They assist LPNs and RN with the daily and routine tasks at a hospital or clinic.

CNAs cater to the immediate needs of patients, such as taking care of their hygiene, bringing them food, and reporting condition changes to the doctors or nurses.

CNAs are the go-between for the professional providing the broad healthcare plan and the patient.

This position may seem similar to LPN, but there are some significant differences.

The first difference is that CNAs aren’t allowed to perform some duties that typically refer to the field of nursing.

They can’t alter or recommend treatment plans or administer medication.

A CNA can earn a degree at a vocational school or community college and their pay is at the lower end of health care.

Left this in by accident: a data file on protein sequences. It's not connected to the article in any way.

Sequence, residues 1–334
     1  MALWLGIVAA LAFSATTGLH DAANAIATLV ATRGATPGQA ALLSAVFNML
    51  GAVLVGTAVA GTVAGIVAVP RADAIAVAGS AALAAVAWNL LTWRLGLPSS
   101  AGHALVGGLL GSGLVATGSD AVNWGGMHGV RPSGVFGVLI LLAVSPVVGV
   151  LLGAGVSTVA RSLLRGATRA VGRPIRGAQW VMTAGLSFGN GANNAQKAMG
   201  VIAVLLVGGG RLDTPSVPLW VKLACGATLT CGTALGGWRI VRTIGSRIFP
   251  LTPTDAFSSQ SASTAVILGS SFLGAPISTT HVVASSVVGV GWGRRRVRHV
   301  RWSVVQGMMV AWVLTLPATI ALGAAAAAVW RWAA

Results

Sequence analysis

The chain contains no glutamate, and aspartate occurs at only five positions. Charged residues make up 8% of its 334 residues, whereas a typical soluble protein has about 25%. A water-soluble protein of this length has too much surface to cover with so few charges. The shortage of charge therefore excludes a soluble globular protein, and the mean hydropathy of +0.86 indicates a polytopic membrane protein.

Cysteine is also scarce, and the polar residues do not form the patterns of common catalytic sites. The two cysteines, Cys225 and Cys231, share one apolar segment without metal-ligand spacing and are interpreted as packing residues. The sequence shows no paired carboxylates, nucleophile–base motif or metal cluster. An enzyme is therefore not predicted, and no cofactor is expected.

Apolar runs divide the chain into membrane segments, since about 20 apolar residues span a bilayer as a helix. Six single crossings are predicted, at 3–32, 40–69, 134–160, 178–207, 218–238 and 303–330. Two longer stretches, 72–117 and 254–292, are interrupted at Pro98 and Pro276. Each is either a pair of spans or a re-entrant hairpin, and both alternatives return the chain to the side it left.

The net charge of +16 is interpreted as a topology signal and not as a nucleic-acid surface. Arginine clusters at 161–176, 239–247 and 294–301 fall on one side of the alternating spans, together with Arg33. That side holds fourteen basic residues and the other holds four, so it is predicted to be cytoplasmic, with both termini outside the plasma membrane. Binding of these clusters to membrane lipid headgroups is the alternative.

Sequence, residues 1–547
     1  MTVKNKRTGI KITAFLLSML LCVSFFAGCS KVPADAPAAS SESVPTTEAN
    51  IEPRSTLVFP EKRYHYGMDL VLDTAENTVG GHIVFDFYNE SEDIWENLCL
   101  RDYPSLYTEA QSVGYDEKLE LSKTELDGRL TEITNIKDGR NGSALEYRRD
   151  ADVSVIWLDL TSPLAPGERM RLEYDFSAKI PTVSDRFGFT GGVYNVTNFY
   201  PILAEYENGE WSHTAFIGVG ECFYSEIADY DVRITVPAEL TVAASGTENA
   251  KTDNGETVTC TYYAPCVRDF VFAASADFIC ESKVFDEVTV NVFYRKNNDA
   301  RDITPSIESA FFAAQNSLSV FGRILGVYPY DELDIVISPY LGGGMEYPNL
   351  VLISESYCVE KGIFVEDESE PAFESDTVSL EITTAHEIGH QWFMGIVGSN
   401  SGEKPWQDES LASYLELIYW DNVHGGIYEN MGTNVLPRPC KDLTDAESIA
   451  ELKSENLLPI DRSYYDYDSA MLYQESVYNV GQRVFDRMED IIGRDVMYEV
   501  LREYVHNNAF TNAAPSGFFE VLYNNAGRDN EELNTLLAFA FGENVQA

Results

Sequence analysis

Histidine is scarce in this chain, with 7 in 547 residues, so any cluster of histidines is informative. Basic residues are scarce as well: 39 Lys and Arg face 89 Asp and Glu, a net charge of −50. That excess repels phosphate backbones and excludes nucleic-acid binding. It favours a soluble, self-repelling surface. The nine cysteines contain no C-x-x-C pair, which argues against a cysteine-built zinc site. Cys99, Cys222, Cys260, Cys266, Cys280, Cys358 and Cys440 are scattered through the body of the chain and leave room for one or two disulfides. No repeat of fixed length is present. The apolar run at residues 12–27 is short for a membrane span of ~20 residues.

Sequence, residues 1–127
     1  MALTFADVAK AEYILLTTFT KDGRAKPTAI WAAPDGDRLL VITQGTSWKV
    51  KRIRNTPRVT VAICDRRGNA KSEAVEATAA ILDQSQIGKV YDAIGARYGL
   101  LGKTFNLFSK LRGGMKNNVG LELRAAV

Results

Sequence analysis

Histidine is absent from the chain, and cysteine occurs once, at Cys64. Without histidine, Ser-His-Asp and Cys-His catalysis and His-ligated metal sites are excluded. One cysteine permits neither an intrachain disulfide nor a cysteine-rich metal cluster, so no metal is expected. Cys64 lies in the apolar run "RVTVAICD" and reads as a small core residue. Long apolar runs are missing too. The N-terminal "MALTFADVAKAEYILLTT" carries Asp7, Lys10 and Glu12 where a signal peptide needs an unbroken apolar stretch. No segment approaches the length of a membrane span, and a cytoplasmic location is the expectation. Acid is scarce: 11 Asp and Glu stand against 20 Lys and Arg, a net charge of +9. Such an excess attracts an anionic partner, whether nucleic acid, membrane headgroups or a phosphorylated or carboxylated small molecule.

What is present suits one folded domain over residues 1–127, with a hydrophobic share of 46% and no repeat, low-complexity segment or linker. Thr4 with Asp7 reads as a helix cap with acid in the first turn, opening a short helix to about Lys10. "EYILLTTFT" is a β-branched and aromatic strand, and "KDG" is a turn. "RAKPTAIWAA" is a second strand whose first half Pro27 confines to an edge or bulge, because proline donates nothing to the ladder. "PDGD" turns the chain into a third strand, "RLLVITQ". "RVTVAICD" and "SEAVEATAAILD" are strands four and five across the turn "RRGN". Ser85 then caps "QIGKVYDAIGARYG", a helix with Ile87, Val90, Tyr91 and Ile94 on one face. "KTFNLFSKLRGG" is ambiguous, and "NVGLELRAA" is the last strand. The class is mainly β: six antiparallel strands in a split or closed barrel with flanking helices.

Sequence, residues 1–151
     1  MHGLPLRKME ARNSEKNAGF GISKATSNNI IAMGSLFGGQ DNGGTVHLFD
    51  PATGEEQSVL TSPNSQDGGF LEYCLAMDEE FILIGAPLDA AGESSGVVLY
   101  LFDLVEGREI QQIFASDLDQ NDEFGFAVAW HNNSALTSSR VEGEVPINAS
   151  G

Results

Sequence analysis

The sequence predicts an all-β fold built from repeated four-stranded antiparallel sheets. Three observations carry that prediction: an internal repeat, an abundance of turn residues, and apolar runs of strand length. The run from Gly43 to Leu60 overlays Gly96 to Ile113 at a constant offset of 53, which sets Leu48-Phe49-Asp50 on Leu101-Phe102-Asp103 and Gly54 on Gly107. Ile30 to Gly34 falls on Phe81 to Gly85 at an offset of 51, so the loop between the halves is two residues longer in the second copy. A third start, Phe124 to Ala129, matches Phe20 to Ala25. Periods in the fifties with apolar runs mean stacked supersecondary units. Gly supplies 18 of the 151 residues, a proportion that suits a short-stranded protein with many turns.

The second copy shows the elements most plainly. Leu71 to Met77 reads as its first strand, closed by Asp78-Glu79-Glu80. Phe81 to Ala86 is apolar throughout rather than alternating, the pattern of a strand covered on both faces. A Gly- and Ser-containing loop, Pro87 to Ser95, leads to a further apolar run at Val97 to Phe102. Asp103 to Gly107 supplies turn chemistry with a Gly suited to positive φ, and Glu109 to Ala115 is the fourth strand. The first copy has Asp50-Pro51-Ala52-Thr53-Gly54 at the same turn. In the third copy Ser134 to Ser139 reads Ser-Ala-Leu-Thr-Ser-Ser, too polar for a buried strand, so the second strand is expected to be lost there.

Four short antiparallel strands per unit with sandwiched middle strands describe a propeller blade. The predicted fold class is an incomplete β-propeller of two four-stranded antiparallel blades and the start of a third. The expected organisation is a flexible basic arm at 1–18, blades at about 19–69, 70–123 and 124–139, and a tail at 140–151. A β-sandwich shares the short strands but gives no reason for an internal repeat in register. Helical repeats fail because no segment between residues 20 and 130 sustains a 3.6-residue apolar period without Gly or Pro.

The median hourly wage of a CNA in 2017 was just over $13 per hour.

Even though the educational requirements for this profession are lower than for others in healthcare, it doesn’t make the profession any less significant.

CNAs are deeply involved in the daily living of patients, so they make a huge impact on the life of a patient and can make a difference between a positive and negative healing process.

CNAs also perform many manual tasks that a lot of people take for granted, such as relocating patients or making beds.

Without CNA staff, hospitals couldn’t run efficiently.

CNAs don’t receive much credit among medical professions, but they are a vital part of the industry.

They serve as a significant bridge between caretakers and patients.